Some think that Christians pray to an “old man in the sky,” that for Christians God is rather a distant figure. Of course God is in heaven, but He is omnipresent, he is everywhere. As the prayer “O Heavenly King” says, God (the Holy Spirit) is “everywhere present and fills all things”. If we read the Bible, we see that God is present in the world and in the hearts of humanity. Of course, God is present in the world most fully in the person of Jesus Christ, but we see that before the coming of Christ, God was often present by sending His angels into the world. For example, in the Book of Genesis, Jacob had a vision of angels ascending and descending to heaven, in other words, heaven was open and God was present to His people through His angels (Gen 28:12). In the New Testament Jesus Christ, recalling the Old Testament passages, says to Nathaniel that He would see heaven open and angels ascending and descending on the “Son of Man”, i.e., Jesus Christ Himself. In other words, Jesus Christ Himself is the person through whom heaven is open to humanity (Jn 1:51).
In the Creed we say that we believe that God created “all things visible and invisible”. Invisible here refers to the creation of the angels. Of course, this invisible world with its angels is something human beings ordinarily cannot see, but the lives of the saints show us that the invisible world and its angels sometimes become visible.
The word angel literally means messenger, but in the Orthodox Church angels are only one part of this invisible world. According to St. Dionysius the Areopagite, a fifth century saint, there are nine choirs of angels in three groups. Actually angels strictly speaking are the lowest part of this hierarchy of bodiless powers.
We should not take this classification too literally. However, we can say that in the Orthodox Church there is some difference in rank and office of the angels. We see angels acting in the whole Bible, Old Testament and New Testament. In the New Testament we see an angel appearing to Zechariah to announce his wife would give birth to John the Baptist (Lk 1:11). In Luke 12:6, the Archangel Gabriel announces to the Virgin Mary that she would give birth to Jesus Christ. In Luke 2:10 we see the angels announcing the birth of Jesus to the shepherds. In Mark 4:11 the angels come and minister to Jesus Christ after his forty-day fast in the desert. In Luke 22:43 an angel comforts Jesus during his agony in the garden before his arrest, crucifixion and death. In Matthew 28:5 an angel announces the resurrection of Jesus and also moves the stone away from the tomb.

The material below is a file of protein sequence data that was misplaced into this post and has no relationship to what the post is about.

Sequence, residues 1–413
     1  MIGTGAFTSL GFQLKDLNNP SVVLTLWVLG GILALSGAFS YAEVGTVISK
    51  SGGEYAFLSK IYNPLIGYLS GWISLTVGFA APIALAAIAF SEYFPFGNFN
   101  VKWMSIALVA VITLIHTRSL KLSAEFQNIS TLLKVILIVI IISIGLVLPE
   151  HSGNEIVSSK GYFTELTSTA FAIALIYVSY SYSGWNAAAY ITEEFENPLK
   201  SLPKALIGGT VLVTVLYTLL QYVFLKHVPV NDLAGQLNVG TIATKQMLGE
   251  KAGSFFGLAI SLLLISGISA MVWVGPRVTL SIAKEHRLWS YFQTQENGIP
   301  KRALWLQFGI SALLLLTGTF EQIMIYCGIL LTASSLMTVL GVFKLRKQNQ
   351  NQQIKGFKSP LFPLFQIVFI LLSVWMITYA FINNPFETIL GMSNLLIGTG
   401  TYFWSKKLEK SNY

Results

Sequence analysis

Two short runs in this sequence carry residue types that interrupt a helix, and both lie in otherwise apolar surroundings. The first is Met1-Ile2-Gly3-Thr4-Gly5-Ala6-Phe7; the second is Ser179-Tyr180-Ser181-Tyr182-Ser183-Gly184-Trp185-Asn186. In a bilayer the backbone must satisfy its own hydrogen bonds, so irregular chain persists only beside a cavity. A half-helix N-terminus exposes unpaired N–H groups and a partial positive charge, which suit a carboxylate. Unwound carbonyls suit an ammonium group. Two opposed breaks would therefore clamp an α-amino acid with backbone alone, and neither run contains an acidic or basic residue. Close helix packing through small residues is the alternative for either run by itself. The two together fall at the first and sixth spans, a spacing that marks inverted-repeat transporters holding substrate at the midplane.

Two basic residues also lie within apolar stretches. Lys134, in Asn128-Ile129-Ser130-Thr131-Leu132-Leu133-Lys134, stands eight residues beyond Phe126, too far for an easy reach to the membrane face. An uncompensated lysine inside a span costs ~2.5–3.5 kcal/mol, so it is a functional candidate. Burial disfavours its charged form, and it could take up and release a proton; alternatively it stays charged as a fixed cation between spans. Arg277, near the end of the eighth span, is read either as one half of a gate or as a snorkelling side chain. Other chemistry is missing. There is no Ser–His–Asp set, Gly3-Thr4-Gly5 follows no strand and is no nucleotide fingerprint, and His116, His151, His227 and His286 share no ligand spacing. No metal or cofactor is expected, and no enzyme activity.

So we see angels acting in the world at God’s bidding. According to tradition, each person has a Guardian Angel and most Orthodox prayer books have a prayer to one’s Guardian Angel among morning prayers. Here is one such prayer: O Angel of God, my Holy Guardian, given to me from heaven by God for my protection, enlighten me this day, and save me from all evil, instruct me in doing good deeds, and set me on the path of salvation. Amen.
There have been many times when a Guardian Angel has intervened to help someone, and they even have become visible. We should remember that angels are real, and an important part of the spiritual world.
Troparion — Tone 4
Commanders of the heavenly hosts, we who are unworthy beseech you/ by your prayers encompass us beneath the wings of your immaterial glory and faithfully preserve us who fall down and cry to you: “Deliver us from all harm, for you are the commanders of the powers on high!”
Kontakion — Tone 2
Commanders of God’s armies and ministers of the divine glory, princes of the bodiless angels and guides of mankind, ask for what is good for us, and for great mercy, supreme commanders of the Bodiless Hosts.